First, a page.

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January 27, 2015 | By

Omni-Channel Customer Service Strategies May Be Trendy, but They Must be Global to Work

Omni-channel customer service strategies have been receiving a lot of buzz lately. It seems like everybody wants to talk about how they are solving for a very connected and dynamic customer who expects high levels of customer service in a short amount of time.  Case in point: at this month’s National Retail Federation (NRF) annual conference omni-channel customer service was a major focus.  Another case in point: Aberdeen analyst Omer Minkara mentioned in a recent blog that “the average number of channels companies use to interact with customers has changed from five in 2012 to six in 2013 to nine in 2014.”

As somebody with a deep knowledge of customer service strategies, I agree and I get it. However, as omni-channel customer service strategies are created, it is important to remember that these strategies must be global in scope to work properly. Retailers and other selling organizations must show the same dedication towards supporting their global customer base as they do toward marketing and selling to them. Previously, that has meant finding and hiring multi-lingual call center agents – not an easy task. Alternatively, some organizations have opted for opening foreign-based (and usually very expensive) call centers. Neither option has been seen as particularly successful in the long-term.

The good news for these organizations is there are now a lot of cost effective strategies for establishing superior customer service online. One of the most notable strategies is to drive global customers toward online chat, allow them to converse in their own native language, and provide the same capability for company representatives and other customer service staff. This is achieved by enhanced, personalized machine translation. As a result, multinational businesses – or even businesses with multilingual customer bases – can significantly broaden their reach, boost brand loyalty and cost-effectively support customers, regardless of language, location or device.

Enhanced, personalized machine translation is definitely not as perfect as human translation. But that’s okay. What it does do is aide chat conversations that cannot wait for long-term translation perfection to be actionable, understandable, and immediate.

Basic, unvarnished, and free machine translation engines have actually been around for some time. However, there are really three big reasons that they haven’t caught on in the corporate setting: quality, security, and accessibility. Free machine translation engines cannot provide necessary quality because they don’t have the specificity of the business or industry lexicon to properly translate terms. Caterpillar Brands, for example, would no doubt appreciate their corporate name being translated properly, versus the insect that crawls around on warm summer days. Second, free machine translation engines often capture and save content without the blessing of the user. Third, they are only available via the Web. To counter these challenges, and to bring the real possibility of success to omni-channel customer service, GeoFluent recently announced a partnership with LogMeIn’s BoldChat product to bring real-time, state of the art translation to chat agents and other customer service personnel.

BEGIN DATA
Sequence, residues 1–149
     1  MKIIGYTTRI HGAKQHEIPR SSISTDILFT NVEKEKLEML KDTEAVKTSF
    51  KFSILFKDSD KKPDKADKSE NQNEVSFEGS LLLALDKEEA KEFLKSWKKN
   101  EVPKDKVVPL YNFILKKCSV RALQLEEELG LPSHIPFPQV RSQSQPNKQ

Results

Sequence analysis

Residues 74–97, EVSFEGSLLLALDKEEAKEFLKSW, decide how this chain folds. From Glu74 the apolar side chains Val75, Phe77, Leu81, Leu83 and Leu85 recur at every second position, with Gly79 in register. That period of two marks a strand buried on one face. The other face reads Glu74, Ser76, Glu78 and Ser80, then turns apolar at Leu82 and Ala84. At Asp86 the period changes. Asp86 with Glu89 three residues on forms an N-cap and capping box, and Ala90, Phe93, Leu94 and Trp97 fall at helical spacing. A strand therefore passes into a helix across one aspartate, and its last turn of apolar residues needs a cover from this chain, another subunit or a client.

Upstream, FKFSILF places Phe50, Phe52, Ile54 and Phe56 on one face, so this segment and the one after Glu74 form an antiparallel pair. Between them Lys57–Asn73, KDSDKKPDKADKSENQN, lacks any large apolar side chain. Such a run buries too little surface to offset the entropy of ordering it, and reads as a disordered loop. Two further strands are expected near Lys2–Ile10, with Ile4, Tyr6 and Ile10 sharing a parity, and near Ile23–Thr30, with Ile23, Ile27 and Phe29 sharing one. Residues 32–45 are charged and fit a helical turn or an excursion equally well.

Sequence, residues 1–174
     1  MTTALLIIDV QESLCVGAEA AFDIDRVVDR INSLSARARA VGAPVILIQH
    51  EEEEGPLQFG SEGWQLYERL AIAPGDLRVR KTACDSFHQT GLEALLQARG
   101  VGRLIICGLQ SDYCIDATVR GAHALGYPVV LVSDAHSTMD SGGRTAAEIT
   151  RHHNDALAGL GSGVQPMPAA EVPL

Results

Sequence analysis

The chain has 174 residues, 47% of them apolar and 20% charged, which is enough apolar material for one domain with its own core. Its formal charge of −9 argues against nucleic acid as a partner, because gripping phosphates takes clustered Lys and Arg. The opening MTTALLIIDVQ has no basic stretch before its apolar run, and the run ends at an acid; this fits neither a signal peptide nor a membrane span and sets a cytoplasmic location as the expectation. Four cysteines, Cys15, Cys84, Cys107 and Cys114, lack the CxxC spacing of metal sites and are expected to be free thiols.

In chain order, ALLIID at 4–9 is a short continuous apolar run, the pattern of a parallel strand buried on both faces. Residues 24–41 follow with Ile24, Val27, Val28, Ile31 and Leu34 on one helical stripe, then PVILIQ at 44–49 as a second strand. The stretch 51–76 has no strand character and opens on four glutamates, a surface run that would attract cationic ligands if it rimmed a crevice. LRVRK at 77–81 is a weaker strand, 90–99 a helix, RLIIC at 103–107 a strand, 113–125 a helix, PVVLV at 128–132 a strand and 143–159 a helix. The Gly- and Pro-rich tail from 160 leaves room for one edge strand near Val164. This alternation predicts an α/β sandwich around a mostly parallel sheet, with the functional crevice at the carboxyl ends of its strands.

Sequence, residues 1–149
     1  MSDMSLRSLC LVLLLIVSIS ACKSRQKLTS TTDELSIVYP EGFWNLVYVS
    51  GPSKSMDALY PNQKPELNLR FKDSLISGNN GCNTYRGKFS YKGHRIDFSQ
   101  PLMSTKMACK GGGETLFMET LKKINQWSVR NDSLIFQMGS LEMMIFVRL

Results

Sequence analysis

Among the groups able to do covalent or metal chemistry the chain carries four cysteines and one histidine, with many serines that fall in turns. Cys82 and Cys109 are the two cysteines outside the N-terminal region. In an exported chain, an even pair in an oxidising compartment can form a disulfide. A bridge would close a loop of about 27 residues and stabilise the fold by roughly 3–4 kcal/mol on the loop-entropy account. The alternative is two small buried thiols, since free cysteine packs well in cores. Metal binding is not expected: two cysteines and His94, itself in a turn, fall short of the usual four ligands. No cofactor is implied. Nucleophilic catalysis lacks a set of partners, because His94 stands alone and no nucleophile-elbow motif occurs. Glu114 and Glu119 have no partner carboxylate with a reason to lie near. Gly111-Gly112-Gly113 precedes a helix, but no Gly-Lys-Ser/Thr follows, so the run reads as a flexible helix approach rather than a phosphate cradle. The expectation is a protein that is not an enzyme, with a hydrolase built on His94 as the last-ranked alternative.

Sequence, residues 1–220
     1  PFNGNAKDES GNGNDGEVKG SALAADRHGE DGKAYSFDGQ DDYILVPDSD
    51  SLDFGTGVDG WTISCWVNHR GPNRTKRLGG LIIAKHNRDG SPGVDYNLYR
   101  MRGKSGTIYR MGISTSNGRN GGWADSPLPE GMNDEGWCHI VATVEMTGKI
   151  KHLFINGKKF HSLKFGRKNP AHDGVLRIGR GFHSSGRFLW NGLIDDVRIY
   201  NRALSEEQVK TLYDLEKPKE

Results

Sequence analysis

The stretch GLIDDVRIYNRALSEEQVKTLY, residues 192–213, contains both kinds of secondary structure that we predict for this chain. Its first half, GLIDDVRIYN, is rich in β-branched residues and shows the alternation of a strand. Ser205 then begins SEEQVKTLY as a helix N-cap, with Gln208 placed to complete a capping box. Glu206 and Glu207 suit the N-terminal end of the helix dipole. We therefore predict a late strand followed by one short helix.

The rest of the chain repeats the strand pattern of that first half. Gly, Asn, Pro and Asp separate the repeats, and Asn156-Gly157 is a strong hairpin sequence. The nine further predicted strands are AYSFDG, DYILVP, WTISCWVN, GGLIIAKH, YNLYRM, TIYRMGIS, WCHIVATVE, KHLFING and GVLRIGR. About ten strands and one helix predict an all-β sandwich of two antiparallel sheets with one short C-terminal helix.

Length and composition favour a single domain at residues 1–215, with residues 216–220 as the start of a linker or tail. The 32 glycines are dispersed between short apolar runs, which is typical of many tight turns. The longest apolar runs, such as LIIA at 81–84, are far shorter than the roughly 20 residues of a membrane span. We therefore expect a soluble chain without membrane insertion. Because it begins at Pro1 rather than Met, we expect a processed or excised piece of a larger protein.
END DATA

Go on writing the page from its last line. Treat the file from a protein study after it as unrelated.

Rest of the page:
boldchat_geofluent_integration

The goal is simple: support the omni-channel customer service support strategy with globalization capabilities. GeoFluent Chat Translator allows agents to provide actionable and understandable guidance in one language while a consumer speaks another, all the while being mindful of industry terms that need to be carefully translated, security concerns, and easy accessibility right in the BoldChat interface. The new integration with GeoFluent makes it possible to:

  • Reduce costs and time associated with supporting customers across languages and geographies by reducing staffing needs and enabling chat agents to instantly translate BoldChat messages in real-time for both the customer or site visitor and the customer service agent.
  • Identify and translate branded terms, industry lexicon, slang, typos and communication shortcuts, resulting in higher quality translation. Agents can also choose to preview translated text and make adjustments, if needed, before sending to the visitor.
  • Support “language swapping,” where agents can see when a visitor’s language has changed and quickly alter the conversation to adapt to the new language.
  • Support more than 40 languages, including English, French, Spanish, German, Italian, Portuguese, Russian, Arabic, Traditional and Simplified Chinese, and Japanese.

To learn more about this partnership, please contact us.


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